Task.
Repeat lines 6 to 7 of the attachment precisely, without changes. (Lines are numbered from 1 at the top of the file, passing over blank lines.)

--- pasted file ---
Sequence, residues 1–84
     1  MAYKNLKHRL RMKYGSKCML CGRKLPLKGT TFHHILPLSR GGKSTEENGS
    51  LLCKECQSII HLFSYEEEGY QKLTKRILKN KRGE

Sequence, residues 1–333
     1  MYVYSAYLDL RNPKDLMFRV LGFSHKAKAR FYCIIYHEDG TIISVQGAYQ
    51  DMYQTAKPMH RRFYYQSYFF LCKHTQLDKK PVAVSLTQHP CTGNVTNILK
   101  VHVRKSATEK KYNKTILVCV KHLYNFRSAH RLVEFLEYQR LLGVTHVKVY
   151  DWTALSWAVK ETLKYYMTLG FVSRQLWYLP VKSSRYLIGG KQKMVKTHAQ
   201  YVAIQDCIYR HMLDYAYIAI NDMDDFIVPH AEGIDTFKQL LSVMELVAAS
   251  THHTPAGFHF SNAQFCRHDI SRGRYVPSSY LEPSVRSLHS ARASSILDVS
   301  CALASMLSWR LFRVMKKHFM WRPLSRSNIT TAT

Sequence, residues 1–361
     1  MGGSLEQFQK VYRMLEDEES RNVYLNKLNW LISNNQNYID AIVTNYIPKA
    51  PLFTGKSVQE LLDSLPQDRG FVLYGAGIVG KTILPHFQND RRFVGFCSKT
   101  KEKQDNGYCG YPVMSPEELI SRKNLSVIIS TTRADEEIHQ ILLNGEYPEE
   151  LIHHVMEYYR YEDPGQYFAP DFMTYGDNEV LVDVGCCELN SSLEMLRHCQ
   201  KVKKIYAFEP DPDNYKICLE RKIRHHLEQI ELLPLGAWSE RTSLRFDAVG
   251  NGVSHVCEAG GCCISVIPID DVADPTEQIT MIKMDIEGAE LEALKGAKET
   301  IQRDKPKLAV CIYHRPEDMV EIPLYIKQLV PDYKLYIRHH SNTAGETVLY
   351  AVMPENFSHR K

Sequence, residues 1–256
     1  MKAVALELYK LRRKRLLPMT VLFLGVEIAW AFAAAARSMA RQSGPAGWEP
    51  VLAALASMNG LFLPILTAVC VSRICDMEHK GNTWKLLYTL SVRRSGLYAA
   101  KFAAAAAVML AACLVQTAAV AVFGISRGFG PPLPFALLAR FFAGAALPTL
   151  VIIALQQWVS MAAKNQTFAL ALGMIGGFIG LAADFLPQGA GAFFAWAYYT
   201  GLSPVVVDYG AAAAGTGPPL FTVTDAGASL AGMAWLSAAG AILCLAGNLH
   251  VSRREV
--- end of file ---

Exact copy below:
    51  DMYQTAKPMH RRFYYQSYFF LCKHTQLDKK PVAVSLTQHP CTGNVTNILK
   101  VHVRKSATEK KYNKTILVCV KHLYNFRSAH RLVEFLEYQR LLGVTHVKVY